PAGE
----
I’ve always been fascinated by legends of drowned cities, notably Kitezh, so I particularly enjoyed the poem by that name in a group newly published in Cardinal Points (Стороны света) by Irina Mashinski (whom I can’t help but think of as Irina Mashinskaya, since that’s her name in Russian: Ирина Машинская). I’ll quote the last few stanzas here; for the rest, go to the “group” link above and scroll down:

We haven’t started it but we’ve got to see
how mermaids swim by rusty snapped off doors
of an express stuck in abyssal mud —
and sit on cliffs of rhymes and sing.

As for the meter — as for the pure honey
  of rhythm,
     for iamb of littoral, for anapest of depths,
lighthouses of metaphors, drill towers above shelf waters —
       we know that tar at night does look mysterious.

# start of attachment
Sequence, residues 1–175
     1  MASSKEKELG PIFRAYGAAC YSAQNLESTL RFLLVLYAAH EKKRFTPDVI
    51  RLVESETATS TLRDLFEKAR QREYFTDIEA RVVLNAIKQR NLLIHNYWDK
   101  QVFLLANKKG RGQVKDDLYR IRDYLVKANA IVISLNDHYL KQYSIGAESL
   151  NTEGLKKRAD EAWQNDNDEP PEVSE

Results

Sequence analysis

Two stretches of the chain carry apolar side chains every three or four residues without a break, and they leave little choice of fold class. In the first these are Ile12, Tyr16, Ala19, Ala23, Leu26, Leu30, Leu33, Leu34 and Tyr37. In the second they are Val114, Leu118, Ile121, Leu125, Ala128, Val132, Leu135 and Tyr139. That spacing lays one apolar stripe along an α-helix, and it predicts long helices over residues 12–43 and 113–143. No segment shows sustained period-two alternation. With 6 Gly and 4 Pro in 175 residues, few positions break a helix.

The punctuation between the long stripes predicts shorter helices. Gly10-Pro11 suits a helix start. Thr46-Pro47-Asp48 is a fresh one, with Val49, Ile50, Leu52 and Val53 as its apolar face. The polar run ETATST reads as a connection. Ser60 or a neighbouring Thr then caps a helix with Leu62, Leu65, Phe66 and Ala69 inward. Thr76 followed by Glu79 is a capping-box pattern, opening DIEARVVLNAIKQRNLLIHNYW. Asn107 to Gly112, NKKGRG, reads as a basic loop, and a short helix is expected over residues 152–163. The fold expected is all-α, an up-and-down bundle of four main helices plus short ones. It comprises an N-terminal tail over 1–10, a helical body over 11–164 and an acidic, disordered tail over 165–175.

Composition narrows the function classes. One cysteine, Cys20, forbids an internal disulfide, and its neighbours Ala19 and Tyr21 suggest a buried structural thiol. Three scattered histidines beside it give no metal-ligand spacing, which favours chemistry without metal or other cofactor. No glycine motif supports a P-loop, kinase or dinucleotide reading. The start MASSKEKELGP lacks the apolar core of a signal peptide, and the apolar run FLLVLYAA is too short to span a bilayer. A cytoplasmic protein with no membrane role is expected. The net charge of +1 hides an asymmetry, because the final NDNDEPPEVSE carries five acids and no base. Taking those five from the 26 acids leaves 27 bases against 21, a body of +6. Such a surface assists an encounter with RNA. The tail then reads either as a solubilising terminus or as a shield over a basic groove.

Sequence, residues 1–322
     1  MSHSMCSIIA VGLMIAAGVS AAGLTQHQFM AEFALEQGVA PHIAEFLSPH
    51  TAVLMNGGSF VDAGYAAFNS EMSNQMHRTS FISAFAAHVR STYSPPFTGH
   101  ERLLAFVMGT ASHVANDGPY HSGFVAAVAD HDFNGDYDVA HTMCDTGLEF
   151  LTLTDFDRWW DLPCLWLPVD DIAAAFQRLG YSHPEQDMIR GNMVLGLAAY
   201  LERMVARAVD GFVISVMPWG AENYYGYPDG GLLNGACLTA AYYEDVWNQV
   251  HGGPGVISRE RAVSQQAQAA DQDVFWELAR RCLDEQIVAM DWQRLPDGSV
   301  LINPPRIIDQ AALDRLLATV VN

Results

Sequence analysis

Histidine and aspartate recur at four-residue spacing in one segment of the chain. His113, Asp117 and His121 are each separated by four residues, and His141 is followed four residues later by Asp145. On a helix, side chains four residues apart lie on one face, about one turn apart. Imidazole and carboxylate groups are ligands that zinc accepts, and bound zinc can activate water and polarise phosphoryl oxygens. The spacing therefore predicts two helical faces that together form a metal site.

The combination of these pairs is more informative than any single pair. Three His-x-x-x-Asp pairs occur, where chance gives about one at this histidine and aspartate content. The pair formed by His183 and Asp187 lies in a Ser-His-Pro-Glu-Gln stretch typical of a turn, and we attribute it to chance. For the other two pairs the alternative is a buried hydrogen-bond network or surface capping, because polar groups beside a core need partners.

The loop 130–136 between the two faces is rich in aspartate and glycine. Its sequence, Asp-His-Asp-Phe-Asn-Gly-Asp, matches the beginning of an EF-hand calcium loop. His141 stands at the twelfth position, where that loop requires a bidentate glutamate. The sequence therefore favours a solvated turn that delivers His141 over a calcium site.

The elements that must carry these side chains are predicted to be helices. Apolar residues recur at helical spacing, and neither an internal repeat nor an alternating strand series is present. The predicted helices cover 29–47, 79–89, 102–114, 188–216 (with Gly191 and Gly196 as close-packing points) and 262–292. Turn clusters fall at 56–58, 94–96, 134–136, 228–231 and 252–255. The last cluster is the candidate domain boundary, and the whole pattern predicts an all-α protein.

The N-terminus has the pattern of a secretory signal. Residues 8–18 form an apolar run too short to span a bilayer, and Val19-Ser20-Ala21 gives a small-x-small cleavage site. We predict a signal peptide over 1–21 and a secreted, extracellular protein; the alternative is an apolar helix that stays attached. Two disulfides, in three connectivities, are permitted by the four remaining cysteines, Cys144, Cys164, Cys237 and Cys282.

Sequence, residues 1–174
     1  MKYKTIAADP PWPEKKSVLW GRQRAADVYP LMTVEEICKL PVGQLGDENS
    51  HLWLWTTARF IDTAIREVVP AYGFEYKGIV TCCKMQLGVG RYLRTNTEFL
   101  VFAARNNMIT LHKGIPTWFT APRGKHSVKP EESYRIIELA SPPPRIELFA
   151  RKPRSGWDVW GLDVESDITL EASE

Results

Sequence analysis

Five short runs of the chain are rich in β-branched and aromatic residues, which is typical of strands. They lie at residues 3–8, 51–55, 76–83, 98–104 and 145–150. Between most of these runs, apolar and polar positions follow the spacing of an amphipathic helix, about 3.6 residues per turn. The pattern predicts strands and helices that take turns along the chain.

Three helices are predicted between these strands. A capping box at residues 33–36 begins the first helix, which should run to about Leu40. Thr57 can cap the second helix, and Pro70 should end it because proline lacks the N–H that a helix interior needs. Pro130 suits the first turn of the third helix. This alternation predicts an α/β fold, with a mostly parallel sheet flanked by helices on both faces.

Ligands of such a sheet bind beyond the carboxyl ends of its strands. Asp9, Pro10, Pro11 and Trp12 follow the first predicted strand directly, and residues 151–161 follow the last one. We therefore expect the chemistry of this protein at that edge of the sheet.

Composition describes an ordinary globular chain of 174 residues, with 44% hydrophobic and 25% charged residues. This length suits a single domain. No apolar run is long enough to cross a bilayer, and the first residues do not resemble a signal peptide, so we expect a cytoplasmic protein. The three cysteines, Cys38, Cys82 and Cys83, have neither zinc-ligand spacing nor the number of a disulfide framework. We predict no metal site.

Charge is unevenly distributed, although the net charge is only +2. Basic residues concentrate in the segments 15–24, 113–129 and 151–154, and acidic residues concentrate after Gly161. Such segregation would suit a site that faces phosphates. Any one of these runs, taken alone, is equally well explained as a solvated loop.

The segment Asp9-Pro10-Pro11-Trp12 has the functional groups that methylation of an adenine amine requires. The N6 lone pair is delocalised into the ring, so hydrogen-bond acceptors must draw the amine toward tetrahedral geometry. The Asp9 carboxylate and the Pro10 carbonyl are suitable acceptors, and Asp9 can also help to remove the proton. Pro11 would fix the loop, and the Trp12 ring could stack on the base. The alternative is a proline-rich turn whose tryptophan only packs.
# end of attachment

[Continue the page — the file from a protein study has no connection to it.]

From space that glides so low,
    oil spills look like an unknown

Totally unrelated: Owen Hatherley has a nice report on early Soviet cinema at the Grauniad.


  1. Owen Hatherley mostly writes about architecture, often in the Guardian and the New Statesman. He’s a good critic most of the time, if a bit too enthusiastic about Brutalism for my taste, but he once wrote in a Guardian comment:

    [The early Finnish modernist architect Alvar] Aalto is an utter, utter bore; architecture that constantly reminds you how humane it’s being. Zzzz.

    He was obviously confusing Aalto with Ralph Erskine, a second-level British architect who practised post-war in Sweden, and after that truly shocking incident – if you don’t know Aalto but want the effect, substitute ‘Joyce’, ‘Kingsley Amis’ and ‘writing’ for ‘Aalto’, ‘Erskine’ and ‘architecture’ – I felt that I wouldn’t quite be able to rely on Owen Hatherley’s judgment ever again even though I still look forward to reading him.

  2. From that selection – all the pieces are very good – I loved best the frozen branch beating in the window, so evocative.

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